Expanding access to healthcare services for children is moving into the center ring in Washington.
President Clinton's fiscal 1998 budget plan aims to expand healthcare coverage for uninsured children through a $2.8 billion package of Medicaid expansions, private-insurance subsidies for laid-off workers and new state grants.
Joining a number of legislative proposals on Capitol Hill, Clinton's package is estimated to extend coverage to up to half the country's 10 million uninsured children.
Advocates for expanding coverage say the White House and Congress are responding in modest ways to a public mood in favor of protecting working families from the costs of care for children.
"I think it's become a popular thing to do because there's a desire to help working families," said Ron Pollack, executive director of the healthcare consumer group Families USA. "This is viewed as part of an effort to help lower-wage working families."
In fact, Clinton's budget reframes one of his past healthcare reform initiatives as a children's health issue. That initiative, estimated to cost $1.7 billion in 1998 and $9.8 billion from fiscal 1998 through 2002, aims to extend health insurance coverage for six months to temporarily unemployed workers through Medicaid, COBRA or an independent program. COBRA is the Consolidated Omnibus Budget Reconciliation Act, a federal law that allows workers to continue their employer-sponsored coverage at their own expense after they lose their jobs. The initiative would cover 700,000 children in 3.2 million families, the White House said.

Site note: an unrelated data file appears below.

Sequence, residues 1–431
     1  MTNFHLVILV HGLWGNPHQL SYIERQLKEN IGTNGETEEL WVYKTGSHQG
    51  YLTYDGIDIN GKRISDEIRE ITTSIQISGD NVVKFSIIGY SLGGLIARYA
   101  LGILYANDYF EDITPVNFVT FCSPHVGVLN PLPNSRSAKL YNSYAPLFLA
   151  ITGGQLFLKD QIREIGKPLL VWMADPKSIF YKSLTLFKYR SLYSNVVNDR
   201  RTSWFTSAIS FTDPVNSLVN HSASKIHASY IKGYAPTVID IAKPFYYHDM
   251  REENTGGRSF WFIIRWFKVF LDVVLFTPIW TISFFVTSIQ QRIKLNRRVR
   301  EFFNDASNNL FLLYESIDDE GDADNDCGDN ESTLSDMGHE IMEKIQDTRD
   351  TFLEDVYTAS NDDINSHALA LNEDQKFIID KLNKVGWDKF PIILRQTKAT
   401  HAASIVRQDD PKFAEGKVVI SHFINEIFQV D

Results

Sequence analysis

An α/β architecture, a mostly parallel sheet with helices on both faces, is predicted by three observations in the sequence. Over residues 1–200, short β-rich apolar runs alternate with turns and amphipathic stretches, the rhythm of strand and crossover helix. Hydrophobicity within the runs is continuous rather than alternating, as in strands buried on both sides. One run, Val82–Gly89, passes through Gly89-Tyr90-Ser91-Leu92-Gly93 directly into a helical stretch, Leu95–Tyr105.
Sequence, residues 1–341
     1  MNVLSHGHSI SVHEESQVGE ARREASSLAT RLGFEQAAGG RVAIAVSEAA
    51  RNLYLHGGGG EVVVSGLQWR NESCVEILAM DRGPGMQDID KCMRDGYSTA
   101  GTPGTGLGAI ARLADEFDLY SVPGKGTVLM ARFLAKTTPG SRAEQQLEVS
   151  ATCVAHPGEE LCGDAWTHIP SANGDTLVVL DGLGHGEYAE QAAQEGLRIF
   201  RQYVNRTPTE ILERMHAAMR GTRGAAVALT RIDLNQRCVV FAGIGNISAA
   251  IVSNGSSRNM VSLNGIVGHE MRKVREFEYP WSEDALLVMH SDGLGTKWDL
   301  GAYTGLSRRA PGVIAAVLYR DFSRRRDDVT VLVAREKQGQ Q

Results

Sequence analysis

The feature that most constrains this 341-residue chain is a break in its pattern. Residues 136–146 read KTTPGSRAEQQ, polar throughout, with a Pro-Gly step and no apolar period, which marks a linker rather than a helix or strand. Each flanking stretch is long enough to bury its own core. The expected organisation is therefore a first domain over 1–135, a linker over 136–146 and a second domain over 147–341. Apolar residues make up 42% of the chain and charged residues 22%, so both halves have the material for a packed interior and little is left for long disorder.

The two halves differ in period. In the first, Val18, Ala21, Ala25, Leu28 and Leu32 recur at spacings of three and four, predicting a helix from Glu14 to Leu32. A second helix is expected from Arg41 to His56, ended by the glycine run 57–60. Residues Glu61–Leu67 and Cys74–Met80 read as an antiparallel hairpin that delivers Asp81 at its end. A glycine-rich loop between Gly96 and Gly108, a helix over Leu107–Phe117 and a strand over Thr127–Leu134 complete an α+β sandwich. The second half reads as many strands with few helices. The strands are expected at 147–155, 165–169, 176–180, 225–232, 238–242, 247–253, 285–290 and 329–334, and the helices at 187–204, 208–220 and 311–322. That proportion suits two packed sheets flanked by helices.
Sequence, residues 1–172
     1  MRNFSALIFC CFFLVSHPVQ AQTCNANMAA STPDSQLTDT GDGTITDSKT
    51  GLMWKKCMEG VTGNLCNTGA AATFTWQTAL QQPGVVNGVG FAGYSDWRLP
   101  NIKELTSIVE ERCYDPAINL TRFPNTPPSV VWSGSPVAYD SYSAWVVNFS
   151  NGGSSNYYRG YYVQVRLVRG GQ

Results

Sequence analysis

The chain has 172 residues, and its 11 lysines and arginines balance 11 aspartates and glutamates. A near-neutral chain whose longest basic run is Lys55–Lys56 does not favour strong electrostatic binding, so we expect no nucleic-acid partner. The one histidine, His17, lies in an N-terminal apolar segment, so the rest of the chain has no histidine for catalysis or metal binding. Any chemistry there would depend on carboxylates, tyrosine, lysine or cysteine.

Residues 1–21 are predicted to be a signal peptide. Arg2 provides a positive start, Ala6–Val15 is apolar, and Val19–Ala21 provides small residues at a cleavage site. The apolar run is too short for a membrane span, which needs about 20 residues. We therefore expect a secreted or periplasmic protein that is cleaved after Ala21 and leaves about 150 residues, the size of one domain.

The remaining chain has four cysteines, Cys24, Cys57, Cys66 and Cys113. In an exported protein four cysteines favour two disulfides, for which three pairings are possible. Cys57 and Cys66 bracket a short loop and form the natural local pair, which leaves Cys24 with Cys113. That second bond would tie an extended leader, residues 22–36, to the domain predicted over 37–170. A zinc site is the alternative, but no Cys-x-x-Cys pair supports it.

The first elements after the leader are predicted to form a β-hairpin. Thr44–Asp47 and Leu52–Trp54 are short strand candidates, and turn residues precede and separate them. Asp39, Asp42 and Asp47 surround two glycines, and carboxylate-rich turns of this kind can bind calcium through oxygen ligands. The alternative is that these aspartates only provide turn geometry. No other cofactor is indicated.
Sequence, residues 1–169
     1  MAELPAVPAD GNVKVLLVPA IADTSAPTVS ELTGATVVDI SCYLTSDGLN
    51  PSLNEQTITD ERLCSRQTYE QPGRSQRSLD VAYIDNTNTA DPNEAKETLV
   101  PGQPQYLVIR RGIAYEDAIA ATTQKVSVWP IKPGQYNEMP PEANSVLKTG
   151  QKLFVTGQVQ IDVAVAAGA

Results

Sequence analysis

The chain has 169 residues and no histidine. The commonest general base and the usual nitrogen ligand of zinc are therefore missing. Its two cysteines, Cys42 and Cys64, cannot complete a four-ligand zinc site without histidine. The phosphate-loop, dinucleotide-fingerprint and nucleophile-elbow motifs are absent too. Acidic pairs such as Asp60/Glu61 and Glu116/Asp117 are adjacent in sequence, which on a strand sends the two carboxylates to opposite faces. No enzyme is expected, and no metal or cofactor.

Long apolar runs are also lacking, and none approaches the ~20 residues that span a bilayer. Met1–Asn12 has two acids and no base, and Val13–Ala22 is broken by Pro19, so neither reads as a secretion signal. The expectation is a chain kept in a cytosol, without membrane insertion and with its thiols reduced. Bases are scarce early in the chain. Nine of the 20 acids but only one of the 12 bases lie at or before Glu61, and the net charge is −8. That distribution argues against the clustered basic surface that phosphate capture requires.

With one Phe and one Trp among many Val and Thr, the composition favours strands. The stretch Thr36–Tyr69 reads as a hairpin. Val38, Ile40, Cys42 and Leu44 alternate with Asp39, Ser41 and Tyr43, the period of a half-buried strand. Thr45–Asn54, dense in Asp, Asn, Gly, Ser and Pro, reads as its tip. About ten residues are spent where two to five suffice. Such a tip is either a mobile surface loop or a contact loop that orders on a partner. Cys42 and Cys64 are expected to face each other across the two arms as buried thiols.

Other budget provisions include:
$750 million in fiscal 1998 and $3.8 billion from fiscal 1998 through 2002 in grants to help states build on programs to expand healthcare coverage to an estimated 1 million children.
Ensuring one year of Medicaid coverage for children, regardless of parents' eligibility for other welfare benefits. The White House said that would help 1 million children retain coverage.
Asking governors to increase Medicaid enrollment among the 3 million children who are eligible but not enrolled. Clinton administration officials said that initiative may add 1.6 million children to Medicaid rolls.
Although congressional Republicans have indicated they want to expand healthcare coverage for children, some warned it could be a foot in the door for a comprehensive healthcare reform measure like Clinton introduced in 1993.
Sen. Paul Coverdell (R-Ga.) said because healthcare for children became a rallying cry in the late days of the 1994 healthcare reform debate, children's healthcare could become a marketing tool for more comprehensive reform.
"They've been seeking to find some way to market something that the country really doesn't want," Coverdell said. "Given what happened at the end, it does makes you suspicious that we may be dealing with some marketing here."
Coverdell and Sen. Phil Gramm (R-Texas), chairman of a Senate Republican healthcare task force, have announced their intention to push legislation that would make the cost of health insurance deductible from taxable income for families with children under 19 and income less than three times the federal poverty level.
The idea of altering the tax code to expand coverage has crossed party lines. Senate Minority Leader Thomas Daschle (D-S.D.) has proposed legislation under which families that buy health insurance policies for children under 19 would receive a tax credit for up to 90% of the cost of the premiums. The value of the credit would shrink with higher incomes and be phased out for families with incomes of more than $75,000.